10 And you shall hallow the fiftieth year and you shall proclaim liberty throughout the land to all its inhabitants. It shall be a jubilee for you: you shall return, every one of you, to your property and every one of you to your family. 11 That fiftieth year shall be a jubilee for you: you shall not sow, or reap the aftergrowth, or harvest the unpruned vines. 12 For it is a jubilee; it shall be holy to you: you shall eat only what the field itself produces. … 18 You shall observe my statutes and faithfully keep my ordinances, so that you may live on the land securely. … 23 The land shall not be sold in perpetuity, for the land is mine; with me you are but aliens and tenants. 24 Throughout the land that you hold, you shall provide for the redemption of the land. 25 If anyone of your kin falls into difficulty and sells a piece of property, then the next of kin shall come and redeem what the relative has sold. 26 If the person has no one to redeem it, but then prospers and finds sufficient means to do so, 27 the years since its sale shall be computed and the difference shall be refunded to the person to whom it was sold, and the property shall be returned. 28 But if there are not sufficient means to recover it, what was sold shall remain with the purchaser until the year of jubilee; in the jubilee it shall be released, and the property shall be returned.
– Leviticus 25:10-12, 18, 23-28, NRSV
When New York City was named the “new epicenter” of the coronavirus pandemic, the news didn’t come as much of a surprise. Viruses love cities. A virus’ main purpose — perhaps its only purpose — is to replicate, to reproduce, to spread… and all of that replicating and reproducing and spreading is easier in a crowd. So viruses love crowds. Viruses love cities. Viruses love population density. With over eight million people living in the five boroughs, New York City is one of the most densely-populated urban areas in the world.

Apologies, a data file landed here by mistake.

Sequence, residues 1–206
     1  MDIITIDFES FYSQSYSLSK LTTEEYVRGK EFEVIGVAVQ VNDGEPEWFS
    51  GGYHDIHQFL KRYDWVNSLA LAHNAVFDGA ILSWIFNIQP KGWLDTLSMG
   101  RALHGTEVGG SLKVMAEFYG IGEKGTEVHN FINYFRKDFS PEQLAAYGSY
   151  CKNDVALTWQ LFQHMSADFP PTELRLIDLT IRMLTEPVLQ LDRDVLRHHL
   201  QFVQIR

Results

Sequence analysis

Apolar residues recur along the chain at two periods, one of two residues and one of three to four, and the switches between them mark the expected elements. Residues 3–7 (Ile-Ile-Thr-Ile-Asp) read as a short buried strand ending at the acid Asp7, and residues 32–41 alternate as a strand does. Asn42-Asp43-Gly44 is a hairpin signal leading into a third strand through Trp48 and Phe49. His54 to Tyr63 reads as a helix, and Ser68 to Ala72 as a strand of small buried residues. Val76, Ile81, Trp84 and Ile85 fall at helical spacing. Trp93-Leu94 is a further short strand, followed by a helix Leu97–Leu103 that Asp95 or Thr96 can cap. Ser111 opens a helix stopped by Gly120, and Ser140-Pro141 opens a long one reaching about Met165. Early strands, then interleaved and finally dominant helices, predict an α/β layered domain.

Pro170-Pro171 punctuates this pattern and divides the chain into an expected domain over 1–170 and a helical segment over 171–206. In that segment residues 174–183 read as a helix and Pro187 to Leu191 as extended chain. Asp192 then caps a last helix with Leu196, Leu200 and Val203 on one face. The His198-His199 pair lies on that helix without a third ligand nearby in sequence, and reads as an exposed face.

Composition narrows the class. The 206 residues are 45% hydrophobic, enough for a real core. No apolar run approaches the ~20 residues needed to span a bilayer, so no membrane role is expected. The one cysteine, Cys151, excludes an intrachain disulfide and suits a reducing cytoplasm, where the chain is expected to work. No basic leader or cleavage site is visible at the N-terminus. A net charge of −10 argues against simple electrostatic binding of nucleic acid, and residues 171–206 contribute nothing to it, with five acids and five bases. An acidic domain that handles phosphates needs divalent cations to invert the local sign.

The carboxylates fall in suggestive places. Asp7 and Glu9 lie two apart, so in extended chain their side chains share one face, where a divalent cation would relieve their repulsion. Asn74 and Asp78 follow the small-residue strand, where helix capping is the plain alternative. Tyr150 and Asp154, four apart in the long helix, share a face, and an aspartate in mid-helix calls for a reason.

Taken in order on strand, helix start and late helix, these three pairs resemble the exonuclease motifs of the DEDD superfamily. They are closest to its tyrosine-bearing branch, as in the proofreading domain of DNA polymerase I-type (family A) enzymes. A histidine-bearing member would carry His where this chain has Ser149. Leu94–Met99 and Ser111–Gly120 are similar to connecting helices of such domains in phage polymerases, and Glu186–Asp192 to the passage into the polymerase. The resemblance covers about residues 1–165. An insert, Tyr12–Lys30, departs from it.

Given the population density alone, New York City’s newfound status as the pandemic’s new epicenter was not surprising news. Yet in the midst of that news, there was other, better, more surprising news. One such piece of news appeared in the most recent edition of the periodical Christian Century, with this report:
“Almost 40 percent of renters in New York City were likely unable to pay their April rent due to loss of jobs and incomes. Landlord Mario Salerno responded by waiving the April rent for more than 200 tenants. ‘My concern is everyone’s health,’ said Salerno. ‘I told them just to look out for your neighbor and make sure that everyone has food on their table.’ One tenant said he was surprised but not shocked by Salerno’s generosity, calling him a model landlord who attends to requests for help immediately.”
Two hundred rent payments waived. Two hundred potential renters’ debts forgiven. For the landlord, it must’ve been a significant — albeit voluntary — financial loss. For those two hundred tenants, it must’ve been cause for relief, for celebration, for jubilation. It was… a miniature jubilee.
We read of the “Year of Jubilee” in the words of the Old Testament. According to the book of Leviticus, the Year of Jubilee (occurring once every fifty years) was a year in which the land would have rest, slaves and prisoners would have freedom, and debtors would have forgiveness. All debts forgiven, every fifty years.
It’s not clear, of course, how widely or regularly God’s people practiced this commandment, this jubilee. Yet it’s a powerful concept, all the same. And in the midst of a pandemic, even a glimpse of jubilee is a powerful source of hope.
Be on the lookout, friends, for glimpses of jubilee.
And as you do, remember, friends:
Our God is bigger than coronavirus.
Our vision is bigger than coronavirus, too.
We are people blessing people.
We are Wesley Church.
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